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Bernstein Century - Mahler: Symphony No 9


Release Date: 09/29/1998 
Label:  Sony   Catalog #: 60597   Spars Code: ADD 
Composer:  Gustav Mahler
Conductor:  Leonard Bernstein
Orchestra/Ensemble:  New York Philharmonic
Number of Discs: 1 
Recorded in: Stereo 
Length: 1 Hours 20 Mins. 

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Notes and Editorial Reviews

REVIEWS:
New York Times (Publisher) (7/30/00, p.30) - "...An aching and apocalyptic version of this signature vehicle for Bernstein; the recording remains a touchstone..."
REVIEWS:
New York Times (Publisher) (7/30/00, p.30) - "...An aching and apocalyptic version of this signature vehicle for Bernstein; the recording remains a touchstone..." Read less

Works on This Recording

1.
Symphony no 9 in D major by Gustav Mahler
Conductor:  Leonard Bernstein
Orchestra/Ensemble:  New York Philharmonic
Period: Romantic 
Written: 1908-1909; Austria 
Date of Recording: 12/16/1965 
Venue:  Avery Fisher Hall, Lincoln Center, NYC 
Length: 79 Minutes 51 Secs. 

Customer Reviews

Average Customer Review:  1 Customer Review )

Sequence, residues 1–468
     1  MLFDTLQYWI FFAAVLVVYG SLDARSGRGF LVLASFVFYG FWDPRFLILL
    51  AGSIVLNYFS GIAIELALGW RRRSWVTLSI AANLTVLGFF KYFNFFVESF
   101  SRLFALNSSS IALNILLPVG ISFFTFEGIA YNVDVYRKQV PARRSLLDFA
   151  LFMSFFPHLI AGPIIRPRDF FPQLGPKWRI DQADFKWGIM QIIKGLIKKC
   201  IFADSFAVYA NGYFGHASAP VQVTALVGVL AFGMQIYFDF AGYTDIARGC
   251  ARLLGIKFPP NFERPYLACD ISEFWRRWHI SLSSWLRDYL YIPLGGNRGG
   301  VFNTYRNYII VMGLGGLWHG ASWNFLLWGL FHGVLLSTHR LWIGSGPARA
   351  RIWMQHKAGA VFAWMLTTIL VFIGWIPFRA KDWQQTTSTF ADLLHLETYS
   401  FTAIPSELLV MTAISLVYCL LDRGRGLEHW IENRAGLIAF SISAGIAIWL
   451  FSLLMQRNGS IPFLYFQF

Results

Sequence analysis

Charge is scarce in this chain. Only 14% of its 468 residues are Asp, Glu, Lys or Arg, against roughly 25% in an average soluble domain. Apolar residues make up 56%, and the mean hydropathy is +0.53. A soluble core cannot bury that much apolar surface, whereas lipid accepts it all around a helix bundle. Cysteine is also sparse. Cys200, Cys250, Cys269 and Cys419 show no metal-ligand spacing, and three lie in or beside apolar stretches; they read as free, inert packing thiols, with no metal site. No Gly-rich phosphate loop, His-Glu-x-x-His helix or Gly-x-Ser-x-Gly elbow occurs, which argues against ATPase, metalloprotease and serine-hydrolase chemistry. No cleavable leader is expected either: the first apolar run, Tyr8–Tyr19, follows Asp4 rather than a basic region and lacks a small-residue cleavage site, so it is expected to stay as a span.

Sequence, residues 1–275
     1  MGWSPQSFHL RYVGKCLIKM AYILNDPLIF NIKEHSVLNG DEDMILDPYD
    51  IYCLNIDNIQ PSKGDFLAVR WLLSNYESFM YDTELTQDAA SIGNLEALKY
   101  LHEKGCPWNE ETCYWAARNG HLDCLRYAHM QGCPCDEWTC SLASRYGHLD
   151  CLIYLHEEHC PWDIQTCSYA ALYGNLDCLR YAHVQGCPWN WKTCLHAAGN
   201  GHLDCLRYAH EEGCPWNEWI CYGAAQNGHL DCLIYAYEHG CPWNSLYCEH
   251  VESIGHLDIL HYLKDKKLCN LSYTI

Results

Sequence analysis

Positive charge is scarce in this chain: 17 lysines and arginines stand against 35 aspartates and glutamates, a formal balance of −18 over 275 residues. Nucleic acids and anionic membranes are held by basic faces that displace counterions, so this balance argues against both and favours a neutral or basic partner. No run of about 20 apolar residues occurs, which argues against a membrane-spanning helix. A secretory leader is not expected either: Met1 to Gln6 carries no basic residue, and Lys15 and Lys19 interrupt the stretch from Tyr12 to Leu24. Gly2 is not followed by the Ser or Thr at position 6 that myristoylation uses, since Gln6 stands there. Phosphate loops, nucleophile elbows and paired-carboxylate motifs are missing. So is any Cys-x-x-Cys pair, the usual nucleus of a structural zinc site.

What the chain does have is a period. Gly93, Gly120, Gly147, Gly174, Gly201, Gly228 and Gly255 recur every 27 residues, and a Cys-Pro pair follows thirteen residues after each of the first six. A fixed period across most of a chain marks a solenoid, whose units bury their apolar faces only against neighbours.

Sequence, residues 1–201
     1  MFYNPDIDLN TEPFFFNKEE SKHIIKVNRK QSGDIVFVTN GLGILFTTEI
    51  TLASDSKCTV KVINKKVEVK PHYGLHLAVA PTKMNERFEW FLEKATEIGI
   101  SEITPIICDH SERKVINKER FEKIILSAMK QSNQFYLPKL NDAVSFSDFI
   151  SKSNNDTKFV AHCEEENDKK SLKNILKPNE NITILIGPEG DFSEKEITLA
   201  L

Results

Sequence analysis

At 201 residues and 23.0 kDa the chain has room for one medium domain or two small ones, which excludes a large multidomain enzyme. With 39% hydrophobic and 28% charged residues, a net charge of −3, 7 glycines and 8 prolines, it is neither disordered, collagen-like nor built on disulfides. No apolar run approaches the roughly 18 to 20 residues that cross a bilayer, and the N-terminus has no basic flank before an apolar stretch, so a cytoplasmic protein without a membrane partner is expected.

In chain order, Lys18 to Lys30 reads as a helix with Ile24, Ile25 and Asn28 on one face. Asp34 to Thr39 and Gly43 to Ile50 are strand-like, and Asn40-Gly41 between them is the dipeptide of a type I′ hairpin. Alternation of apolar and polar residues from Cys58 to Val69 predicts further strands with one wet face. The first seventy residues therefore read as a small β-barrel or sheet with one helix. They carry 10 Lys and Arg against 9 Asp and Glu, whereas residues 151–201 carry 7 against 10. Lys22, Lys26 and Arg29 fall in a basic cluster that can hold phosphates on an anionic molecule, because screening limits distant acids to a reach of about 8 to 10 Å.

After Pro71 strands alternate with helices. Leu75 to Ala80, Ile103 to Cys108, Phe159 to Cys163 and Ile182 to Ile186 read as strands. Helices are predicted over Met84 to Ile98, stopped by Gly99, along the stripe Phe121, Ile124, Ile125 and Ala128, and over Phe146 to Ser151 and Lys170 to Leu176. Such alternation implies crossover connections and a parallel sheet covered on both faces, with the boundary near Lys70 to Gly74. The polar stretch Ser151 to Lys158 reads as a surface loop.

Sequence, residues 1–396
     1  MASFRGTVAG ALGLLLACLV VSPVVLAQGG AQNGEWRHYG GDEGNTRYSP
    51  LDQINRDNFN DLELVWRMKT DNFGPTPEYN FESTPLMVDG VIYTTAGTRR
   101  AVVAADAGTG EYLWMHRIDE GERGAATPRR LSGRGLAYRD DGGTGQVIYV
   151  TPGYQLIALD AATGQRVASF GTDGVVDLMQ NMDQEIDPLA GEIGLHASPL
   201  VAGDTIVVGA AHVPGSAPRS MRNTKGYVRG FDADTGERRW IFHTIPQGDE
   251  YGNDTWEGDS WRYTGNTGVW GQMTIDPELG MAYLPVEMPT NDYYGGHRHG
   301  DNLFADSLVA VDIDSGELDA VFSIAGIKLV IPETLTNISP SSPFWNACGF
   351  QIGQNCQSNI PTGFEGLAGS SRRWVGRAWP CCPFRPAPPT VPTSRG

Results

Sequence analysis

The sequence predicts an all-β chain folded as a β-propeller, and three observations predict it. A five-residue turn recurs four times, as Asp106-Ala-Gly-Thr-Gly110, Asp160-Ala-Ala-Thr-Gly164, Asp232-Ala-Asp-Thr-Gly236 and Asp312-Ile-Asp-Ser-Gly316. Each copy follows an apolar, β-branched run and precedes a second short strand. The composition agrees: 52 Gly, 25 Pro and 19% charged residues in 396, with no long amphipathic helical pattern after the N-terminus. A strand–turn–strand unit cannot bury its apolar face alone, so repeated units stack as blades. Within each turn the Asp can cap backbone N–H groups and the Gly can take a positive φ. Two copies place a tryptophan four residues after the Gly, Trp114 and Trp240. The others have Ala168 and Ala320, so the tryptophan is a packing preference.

It Doesn't Get Any Better Than This! August 7, 2015 By Richard Buckley (Oakmont, PA) See All My Reviews "I love the music of Mahler. It always is very emotional. This recording of his Ninth Symphony is certainly no exception. I'm sure you gathered that much from the comments of others. Also, Leonard Bernstein is no slouch when it comes to expressing emotion musically. In fact, he might be the best 20th century conductor when it comes to that skill. He is certainly my favorite, or close to it. I put him in the same class as Fritz Reiner, who also had that knack. Anyway, the combination of Mahler and Bernstein is always outstanding! They might have been made for each other, and this specific symphony brings out the best in them! It is a soul wrenching piece of music. The first and last movements are almost painful in their description of tragedy - namely death. As I said, Bernstein is born to conduct these two movements. He is often accused, especially in his later years, of conducting music much too slowly. I disagree. He conducted passionately, and if the score suggested tragedy and death, he responded accordingly. Obviously, Mahler meant for his composition to reflect these circumstances, and Bernstein portrays these emotions better than any other conductor I have heard. On the other hand, the two middle movements are quite different. While they are also very emotional, and disastrous in tonal intensity, They are anything but slow in nature! They fiercely explode in places, and, once again, Bernstein almost reads Mahler's mind with his intense interpretation. Mahler would have loved it - even more than I do! I think that the New York Philharmonic does an outstanding job with this symphony. I have heard Bernstein conducting the Berlin Symphony Orchestra, but not enough times to do a serious comparison of the two recordings. I recall thinking at the time, that the recording was also excellent, but too much time had passed since I heard this version, that it would be foolish to try to compare them now. Suffice it to say, that I strongly believe that you will be extremely pleased by this Mahler/Bernstein offering." Report Abuse
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